Blair Jenkins of the Yes Campaign has consistently emphasised that the Campaign does not speak for the SNP, nor does the SNP dictate to the Yes Campaign, in terms of what an independent Scotland will look like. The problem created by that approach - and it is difficult to know what other general approach the Yes Campaign can take - is that the public perception is that whatever policy position the SNP adopts, is assumed to be the definitive policy position that will apply in an independent Scotland. Thus, when the SNP claims an independent Scotland will continue with sterling as its preferred currency, that an independent Scotland will be granted automatic membership of the EU and, an independent Scotland will retain membership of NATO, but without nuclear weapons, the Scottish electorate assumes that will be the position of an independent Scotland. It is also assumed the Yes Campaign must endorse those policies as the Scottish public as yet, does not differentiate between the SNP and the Yes Campaign.
While it is perfectly understandable that the Yes Campaign will refuse to either endorse or reject SNP policies in the run-up to the referendum, it means the party is being given a free run to determine the nature of an independent Scotland. The Yes Campaign is not a political party, therefore it lacks not only the mechanisms to formulate policy, it lacks the legitimacy to speak for any section of the Scottish people on any policy position other than the demand for independence. As the largest political party, the most organised political party and the richest political party on the Yes side of the independence debate, as well as the small matter of forming the Scottish Government, the SNP is perceived by the Scottish electorate as the most likely political party to form the first Scottish government if the referendum returns a "Yes" vote. For those reasons, no other political party on the Yes side of the debate is perceived to be able to offer any alternatives to the policies being offered by the SNP, although they are expected to campaign for independence as part of the overall campaign, subsuming their own agendas to that of the Yes Campaign until the referendum vote in 2014. The Greens have already found difficulty in accepting that subservient role and unless the tensions this creates are resolved, there is always a danger the Yes Campaign will be damaged.
The Yes Campaign may have to widen its role and, at least inform the Scottish people, that realistic alternatives do exist, to the policies being offered by the SNP. The Campaign need not compromise its position and endorse any alternative, but it could lend its weight to the argument that there are alternatives. Yes Campaign spokesmen have been questioned on those areas on which the SNP has been most vulnerable and their first, and indeed only response, has been to say they do not speak for the SNP, therefore they cannot answer the criticisms being made. The alternatives to the main areas of attack on the SNP, have been endorsed to some extent, by other political parties such as the Greens, the SSP or the SDA but as they are seen to be on the fringes of Scottish politics, despite the Greens being represented in the Scottish Parliament, their arguments are rarely given the exposure they sometimes deserve, by a Scottish media which has shown little interest in any arguments other than those made by the SNP and the other mainstream parties. Quite willingly therefore, the media colludes in the exclusion from the debate, of all arguments other than those made by the SNP on the Yes side, and the Unionists on the other. Any attempt by any of the minor parties on the Yes side, to offer different policies from those of the SNP, is immediately presented by the media and the Unionists, as "a split in the Yes Campaign" although any number of different positions on the Unionists side are accepted without comment, as part and parcel of normal political activity.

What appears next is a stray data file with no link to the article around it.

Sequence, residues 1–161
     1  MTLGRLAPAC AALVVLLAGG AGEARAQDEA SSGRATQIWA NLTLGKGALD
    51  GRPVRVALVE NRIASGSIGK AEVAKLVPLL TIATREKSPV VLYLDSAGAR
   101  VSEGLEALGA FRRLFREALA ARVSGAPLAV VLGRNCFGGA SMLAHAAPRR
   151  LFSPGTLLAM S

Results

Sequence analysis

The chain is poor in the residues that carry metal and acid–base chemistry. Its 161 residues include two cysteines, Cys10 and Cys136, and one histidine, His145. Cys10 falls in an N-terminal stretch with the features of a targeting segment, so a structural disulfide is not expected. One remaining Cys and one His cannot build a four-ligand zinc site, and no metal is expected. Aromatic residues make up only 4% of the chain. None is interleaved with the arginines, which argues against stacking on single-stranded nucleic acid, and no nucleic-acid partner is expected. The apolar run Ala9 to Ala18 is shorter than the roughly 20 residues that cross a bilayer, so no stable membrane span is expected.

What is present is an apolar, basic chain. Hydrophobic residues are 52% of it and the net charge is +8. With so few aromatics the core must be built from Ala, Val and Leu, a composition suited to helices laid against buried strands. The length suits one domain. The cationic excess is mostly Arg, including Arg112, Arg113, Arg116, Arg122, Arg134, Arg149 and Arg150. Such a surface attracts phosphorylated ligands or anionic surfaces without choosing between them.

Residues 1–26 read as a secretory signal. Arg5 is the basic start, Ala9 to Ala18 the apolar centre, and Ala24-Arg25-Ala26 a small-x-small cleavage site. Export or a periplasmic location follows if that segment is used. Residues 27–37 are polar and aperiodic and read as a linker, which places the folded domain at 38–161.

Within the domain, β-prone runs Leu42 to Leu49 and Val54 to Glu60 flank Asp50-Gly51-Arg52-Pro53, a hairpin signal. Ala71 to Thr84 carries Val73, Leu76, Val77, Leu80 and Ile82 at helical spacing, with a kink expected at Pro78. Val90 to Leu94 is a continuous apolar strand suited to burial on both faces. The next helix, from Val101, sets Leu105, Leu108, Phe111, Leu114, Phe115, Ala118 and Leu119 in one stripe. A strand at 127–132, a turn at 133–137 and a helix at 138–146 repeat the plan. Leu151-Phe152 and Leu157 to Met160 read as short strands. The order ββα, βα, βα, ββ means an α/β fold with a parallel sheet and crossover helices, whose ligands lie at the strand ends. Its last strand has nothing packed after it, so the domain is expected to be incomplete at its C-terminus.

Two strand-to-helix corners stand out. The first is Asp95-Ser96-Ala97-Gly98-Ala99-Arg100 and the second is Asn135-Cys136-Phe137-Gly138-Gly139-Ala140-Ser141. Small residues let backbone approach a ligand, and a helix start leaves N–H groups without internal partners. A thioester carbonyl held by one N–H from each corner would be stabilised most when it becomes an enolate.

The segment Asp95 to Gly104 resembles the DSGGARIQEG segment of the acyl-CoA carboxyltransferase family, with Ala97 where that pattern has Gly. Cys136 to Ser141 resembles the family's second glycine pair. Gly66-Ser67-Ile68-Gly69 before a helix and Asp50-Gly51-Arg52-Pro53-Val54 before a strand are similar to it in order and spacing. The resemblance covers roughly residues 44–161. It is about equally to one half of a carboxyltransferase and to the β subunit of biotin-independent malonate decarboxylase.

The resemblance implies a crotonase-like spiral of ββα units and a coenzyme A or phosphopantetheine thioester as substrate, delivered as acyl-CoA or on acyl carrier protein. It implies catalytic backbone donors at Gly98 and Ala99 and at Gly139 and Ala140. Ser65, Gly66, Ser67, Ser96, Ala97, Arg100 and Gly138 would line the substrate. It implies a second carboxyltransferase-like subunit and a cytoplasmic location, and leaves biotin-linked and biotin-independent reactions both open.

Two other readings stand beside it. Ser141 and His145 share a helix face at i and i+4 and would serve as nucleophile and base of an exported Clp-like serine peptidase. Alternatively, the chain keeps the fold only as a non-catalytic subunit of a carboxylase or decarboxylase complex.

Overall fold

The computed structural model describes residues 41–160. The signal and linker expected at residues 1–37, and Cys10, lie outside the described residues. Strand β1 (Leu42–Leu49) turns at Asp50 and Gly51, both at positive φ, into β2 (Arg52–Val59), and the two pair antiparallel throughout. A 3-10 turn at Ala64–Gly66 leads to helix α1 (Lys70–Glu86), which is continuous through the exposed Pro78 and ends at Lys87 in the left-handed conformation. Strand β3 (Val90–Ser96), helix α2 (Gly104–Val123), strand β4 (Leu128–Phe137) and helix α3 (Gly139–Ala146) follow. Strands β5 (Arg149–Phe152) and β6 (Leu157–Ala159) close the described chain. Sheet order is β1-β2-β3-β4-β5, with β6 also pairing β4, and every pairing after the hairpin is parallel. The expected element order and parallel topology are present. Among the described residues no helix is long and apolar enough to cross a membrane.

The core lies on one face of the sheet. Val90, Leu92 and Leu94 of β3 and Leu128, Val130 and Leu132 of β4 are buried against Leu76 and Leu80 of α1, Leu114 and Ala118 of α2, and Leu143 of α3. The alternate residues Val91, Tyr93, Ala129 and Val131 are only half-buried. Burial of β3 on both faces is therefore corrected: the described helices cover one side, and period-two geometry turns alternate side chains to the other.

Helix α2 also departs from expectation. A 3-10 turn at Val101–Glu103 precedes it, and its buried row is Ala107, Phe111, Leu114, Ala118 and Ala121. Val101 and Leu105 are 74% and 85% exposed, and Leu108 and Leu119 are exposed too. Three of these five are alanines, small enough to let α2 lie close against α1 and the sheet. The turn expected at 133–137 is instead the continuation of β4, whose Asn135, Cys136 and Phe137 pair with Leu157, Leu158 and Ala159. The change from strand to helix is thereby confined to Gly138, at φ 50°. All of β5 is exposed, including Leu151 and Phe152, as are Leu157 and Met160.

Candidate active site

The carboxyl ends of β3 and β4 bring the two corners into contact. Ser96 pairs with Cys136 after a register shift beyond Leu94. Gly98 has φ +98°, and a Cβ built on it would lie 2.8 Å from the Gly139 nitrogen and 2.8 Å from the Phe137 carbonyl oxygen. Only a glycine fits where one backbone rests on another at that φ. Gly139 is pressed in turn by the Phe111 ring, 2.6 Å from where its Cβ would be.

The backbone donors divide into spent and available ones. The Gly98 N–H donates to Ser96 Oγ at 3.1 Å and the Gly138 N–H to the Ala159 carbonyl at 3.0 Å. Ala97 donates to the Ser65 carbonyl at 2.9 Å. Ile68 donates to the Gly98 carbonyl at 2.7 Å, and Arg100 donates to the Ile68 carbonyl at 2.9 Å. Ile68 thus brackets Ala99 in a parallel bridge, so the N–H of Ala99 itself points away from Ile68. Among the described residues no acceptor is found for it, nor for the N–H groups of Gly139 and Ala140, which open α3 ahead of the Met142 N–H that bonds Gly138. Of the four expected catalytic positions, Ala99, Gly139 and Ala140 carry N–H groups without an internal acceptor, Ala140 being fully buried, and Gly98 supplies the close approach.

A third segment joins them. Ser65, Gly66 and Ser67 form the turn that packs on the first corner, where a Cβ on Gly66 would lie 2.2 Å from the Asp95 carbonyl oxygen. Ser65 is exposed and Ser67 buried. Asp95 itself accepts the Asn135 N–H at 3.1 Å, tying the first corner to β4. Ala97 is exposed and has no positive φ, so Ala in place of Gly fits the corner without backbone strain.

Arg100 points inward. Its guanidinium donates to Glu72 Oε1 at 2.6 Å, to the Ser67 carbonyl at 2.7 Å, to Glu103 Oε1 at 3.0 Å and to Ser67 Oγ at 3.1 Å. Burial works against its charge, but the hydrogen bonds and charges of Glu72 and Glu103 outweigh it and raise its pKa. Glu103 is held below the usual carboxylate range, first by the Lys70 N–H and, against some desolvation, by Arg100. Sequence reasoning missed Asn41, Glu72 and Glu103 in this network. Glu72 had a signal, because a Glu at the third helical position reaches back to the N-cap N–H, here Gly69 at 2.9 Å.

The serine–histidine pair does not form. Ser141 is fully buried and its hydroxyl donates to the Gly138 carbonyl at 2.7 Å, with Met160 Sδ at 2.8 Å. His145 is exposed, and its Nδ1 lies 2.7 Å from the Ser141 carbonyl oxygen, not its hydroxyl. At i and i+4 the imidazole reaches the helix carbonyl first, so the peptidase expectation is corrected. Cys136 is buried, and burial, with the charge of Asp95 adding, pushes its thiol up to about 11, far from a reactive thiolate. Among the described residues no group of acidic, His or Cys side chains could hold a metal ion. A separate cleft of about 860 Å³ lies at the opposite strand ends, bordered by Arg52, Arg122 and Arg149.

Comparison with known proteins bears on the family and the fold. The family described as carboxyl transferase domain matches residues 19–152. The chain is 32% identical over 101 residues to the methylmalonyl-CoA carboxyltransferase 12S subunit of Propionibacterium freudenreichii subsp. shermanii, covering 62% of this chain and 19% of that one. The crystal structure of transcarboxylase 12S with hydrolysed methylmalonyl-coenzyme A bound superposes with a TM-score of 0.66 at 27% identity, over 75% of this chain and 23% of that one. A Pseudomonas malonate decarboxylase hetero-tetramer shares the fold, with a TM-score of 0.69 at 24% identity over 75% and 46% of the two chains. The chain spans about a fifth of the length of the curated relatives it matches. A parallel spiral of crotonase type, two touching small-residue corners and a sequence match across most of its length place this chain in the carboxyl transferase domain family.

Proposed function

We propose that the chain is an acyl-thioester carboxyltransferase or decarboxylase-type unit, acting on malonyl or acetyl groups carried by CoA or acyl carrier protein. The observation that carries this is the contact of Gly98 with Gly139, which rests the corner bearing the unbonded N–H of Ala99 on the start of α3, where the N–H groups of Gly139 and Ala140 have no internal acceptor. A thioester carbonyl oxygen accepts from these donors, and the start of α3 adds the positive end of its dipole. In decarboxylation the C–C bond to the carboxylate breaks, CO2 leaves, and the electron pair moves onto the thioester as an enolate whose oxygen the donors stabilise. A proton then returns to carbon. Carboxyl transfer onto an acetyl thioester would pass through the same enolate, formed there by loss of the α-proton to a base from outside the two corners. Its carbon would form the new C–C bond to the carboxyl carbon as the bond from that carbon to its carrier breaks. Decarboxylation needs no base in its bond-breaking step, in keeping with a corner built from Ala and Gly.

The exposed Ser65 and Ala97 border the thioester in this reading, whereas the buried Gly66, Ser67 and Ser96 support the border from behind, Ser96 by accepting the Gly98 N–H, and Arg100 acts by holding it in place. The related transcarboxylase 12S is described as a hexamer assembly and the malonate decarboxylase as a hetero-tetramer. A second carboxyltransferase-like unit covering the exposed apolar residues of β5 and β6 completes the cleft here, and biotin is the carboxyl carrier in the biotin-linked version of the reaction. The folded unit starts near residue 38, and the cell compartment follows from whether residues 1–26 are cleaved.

An "independent" Scotland post referendum, must be presented as some monolithic, body of political positions, and any suggestion of policy differences, is condemned as "weakness" or "leaps in the dark"; while the rUK, post referendum, must be accepted on the basis of "promised but unspecified reforms" which will "increase the power of the Scottish Parliament." The Liberals have even re-discovered federalism, which again the Scottish electorate is expected to endorse, without any explanation of how many assemblies/parliaments (if they were even acceptable) would be required to satisfy the electorate in England.
The SNP is being pursued relentlessly by the Unionists, on three of the most important issues in the debate on independence; the currency, the EU and NATO and the problems which the SNP is now having to confront, are largely of its own making, as it has attempted to slip them under the radar of the Unionist opposition by a combination of sophistry and dissembling. Each of the three issues is worthy of a separate blog and one will be provided, but a summary of the alternatives should be sufficient to highlight the need for the Yes Campaign to address the problems being created for the Independence cause, by Unionist attacks on SNP policies. The lack of acknowledgement of alternatives, by the SNP and the Scottish media, suggests that no alternatives exist, thereby increasing the pressure on the SNP which is forced to dissemble even more, as it attempts to relieve the pressure. The embarrassment of Alex Salmond could have been avoided if he and the party had not taken such entrenched positions.